Military Spouses Champion Reform in Special Education

By Shannon DeBlock, Grace Kim, Kaci McCarley and Michelle Norman: Partners in PROMISE

Military Spouses Champion Reform in Special Education

As we celebrated the Month of the Military Child in April, over a million military children were adjusting to the sudden shift to remote learning and the grim realities of finishing the school year without graduation ceremonies or saying goodbye to friends before moving once again. Many military children, who regularly face educational and emotional challenges, will get through this stressful pandemic with more grit and more resilience. However, even before the pandemic, the most vulnerable members of our community, children with special needs, had already been struggling to get the access they need to education. 

There is a growing grassroots movement seeking reform in the Exceptional Family Member Program (EFMP) and in Special Education. On Feb. 5, 2020, the Military Personnel Subcommittee of the House Armed Services Committee held its first congressional hearing in almost a decade to address the struggles of over 135,000 EFMP families. The findings? A lack of standardization and performance measures among the DoD EFMP Programs, confirmed by a 2018 GAO EFMP report.

One of our founders, Michelle Norman, the 2019 AFI Navy Spouse of the Year, was one of two military spouses who testified in front of Congress on Feb. 5. Norman, along with military spouses Shannon DeBlock, Grace Kim and Kaci McCarley, established Partners in PROMISE to address the education challenges that military children with disabilities face on a daily basis.  

Military Special Education 2020 Survey (MilSped2020) 

Partners in PROMISE started after years of individual advocacy followed by a survey about the special education of military children, the first survey designed to protect families and eliminate the fear of reprisal from school districts. The survey asked participants to “share your experience with special education.” Although many parents compared schools or mentioned both good and bad experiences in public schools, the response was overwhelmingly negative.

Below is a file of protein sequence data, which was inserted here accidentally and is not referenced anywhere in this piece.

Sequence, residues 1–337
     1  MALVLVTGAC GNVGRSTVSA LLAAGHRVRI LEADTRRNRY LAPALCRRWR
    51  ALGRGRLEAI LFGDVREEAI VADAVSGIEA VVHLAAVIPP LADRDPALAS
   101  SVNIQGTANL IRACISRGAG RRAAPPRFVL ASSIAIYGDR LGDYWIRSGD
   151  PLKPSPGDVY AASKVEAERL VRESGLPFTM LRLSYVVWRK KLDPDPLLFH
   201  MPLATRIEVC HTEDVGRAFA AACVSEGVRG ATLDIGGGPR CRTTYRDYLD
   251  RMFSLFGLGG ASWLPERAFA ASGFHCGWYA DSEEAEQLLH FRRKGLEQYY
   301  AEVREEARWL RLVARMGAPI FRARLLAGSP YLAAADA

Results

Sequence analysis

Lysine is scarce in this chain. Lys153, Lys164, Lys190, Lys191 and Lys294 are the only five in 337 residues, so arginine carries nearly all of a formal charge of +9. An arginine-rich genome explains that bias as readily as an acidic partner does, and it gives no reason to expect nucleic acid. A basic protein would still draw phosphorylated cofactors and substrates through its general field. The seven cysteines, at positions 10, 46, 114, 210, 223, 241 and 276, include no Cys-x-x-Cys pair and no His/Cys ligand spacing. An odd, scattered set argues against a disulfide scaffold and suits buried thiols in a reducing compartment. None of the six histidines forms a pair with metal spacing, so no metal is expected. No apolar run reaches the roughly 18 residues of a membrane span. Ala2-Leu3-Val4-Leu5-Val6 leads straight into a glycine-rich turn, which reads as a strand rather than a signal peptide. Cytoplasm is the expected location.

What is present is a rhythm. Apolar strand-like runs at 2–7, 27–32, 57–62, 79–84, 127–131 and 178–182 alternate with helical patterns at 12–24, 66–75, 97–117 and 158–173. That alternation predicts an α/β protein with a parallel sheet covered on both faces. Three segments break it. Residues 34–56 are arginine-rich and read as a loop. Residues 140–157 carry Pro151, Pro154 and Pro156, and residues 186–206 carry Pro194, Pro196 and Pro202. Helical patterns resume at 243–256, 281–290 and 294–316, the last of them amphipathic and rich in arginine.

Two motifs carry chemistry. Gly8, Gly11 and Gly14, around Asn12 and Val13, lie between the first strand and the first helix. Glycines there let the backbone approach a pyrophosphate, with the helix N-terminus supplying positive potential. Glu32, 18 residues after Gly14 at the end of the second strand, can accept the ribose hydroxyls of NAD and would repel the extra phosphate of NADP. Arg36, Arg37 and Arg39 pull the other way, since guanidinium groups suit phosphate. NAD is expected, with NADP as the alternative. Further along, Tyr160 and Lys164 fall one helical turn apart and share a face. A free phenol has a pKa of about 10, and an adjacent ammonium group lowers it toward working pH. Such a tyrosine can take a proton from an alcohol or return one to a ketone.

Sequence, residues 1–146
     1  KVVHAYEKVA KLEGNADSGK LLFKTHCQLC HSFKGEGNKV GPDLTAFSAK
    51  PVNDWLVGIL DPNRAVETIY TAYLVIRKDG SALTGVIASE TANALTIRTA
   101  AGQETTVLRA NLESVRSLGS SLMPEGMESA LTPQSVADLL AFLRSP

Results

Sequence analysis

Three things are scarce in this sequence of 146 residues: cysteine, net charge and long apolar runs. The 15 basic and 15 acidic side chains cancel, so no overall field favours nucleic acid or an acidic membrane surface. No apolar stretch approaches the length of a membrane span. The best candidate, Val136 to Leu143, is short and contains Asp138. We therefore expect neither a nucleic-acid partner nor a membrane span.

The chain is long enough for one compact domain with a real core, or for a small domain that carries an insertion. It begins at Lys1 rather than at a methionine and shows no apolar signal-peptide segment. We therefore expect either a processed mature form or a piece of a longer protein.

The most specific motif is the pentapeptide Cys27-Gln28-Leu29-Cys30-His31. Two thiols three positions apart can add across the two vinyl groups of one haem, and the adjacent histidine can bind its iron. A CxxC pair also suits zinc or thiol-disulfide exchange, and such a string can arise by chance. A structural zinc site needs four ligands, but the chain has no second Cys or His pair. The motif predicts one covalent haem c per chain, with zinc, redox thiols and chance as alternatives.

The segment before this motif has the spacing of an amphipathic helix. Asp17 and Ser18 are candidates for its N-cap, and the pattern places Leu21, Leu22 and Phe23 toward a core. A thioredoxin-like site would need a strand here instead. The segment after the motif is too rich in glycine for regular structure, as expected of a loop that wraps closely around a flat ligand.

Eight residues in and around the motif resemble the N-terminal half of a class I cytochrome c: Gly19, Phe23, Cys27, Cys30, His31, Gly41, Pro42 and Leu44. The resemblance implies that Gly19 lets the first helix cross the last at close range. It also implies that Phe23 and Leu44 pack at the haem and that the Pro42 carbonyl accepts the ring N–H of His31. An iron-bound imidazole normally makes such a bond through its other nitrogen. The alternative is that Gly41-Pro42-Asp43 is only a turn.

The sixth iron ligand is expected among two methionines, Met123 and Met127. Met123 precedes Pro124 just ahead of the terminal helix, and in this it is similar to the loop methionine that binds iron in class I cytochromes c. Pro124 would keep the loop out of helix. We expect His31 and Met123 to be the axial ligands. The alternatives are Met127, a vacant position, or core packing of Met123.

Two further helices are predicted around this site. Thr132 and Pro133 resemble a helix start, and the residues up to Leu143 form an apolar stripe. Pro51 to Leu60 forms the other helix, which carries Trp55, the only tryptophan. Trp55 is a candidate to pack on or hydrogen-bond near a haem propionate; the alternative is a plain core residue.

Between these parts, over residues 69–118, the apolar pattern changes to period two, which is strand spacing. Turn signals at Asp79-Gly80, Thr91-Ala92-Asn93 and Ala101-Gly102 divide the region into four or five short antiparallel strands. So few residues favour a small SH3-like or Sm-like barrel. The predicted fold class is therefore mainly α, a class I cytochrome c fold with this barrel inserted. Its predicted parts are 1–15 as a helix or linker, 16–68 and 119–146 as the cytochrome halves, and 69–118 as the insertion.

Parents used the following words to describe public school special education: horrible, tough, lacking, disappointing, garbage, awful, challenging, utter failure, and absolute nightmare. 

Survey results spanned 39 states, Washington D.C., Guam and all DODEA schools. The preliminary data indicated that special education is an unspoken challenge for military families of all ranks and services at duty stations around the world.    

Despite federal and state education laws designed to protect students with special needs, children are caught in a system in which school districts are not providing the minimum standards of education because they are not held accountable. Although the Department of Education is the regulatory agency, they have no effective way to enforce their legal decisions, leaving it up to schools to self-regulate without penalty.  

Challenges faced by special education students are compounded by military lifestyle. Frequent moves, service member deployments, lack of local family and support, and community integration of being the new kid are all additional burdens that military children and their families endure.

At the request of the Military Family Caucus, co-chaired by Congresswoman Cathy McMorris Rodgers (R-Wash.) and Congressman Sanford Bishop (D-Ga.), Partners in PROMISE created The PROMISE Act. The PROMISE Act (Protect the Rights Of Military Children In Special Education) is proposed legislation created to address the deficiencies of current legislation that would assist military children with needs.

Key Initiatives in the PROMISE Act

  • Collect data on military family disputes, number of disputes compared to civilians, and accessibility barriers to dispute resolution processes, high risk school districts, sufficiency of federal funding, oversight and accountability to ensure school districts provide Free Appropriate Public Education (FAPE)
  • Allow families to maintain their child’s current Individualized Educational Plan (IEP) for at least six months after arrival at a new duty station before any changes are made
  • Direct states to document parental consent before any IEP changes can be implemented for military children

Congress has included parts of the PROMISE Act in this year’s defense budget. Following the GAO study, the PROMISE Act will then address their recommendations.  

But for all of this progress, we need your help! Join this historic movement by becoming a Partner in PROMISE! We need all boots on the ground to make change. With your support, we will make sure our most vulnerable children get the education that federal law affords them. 

Stay connected with us: thepromiseact.orgtwitter.com/PartnersinPROM1

Want to help? Become a Partner in Promise and receive updates today at thepromiseact.org/get-in-touch.

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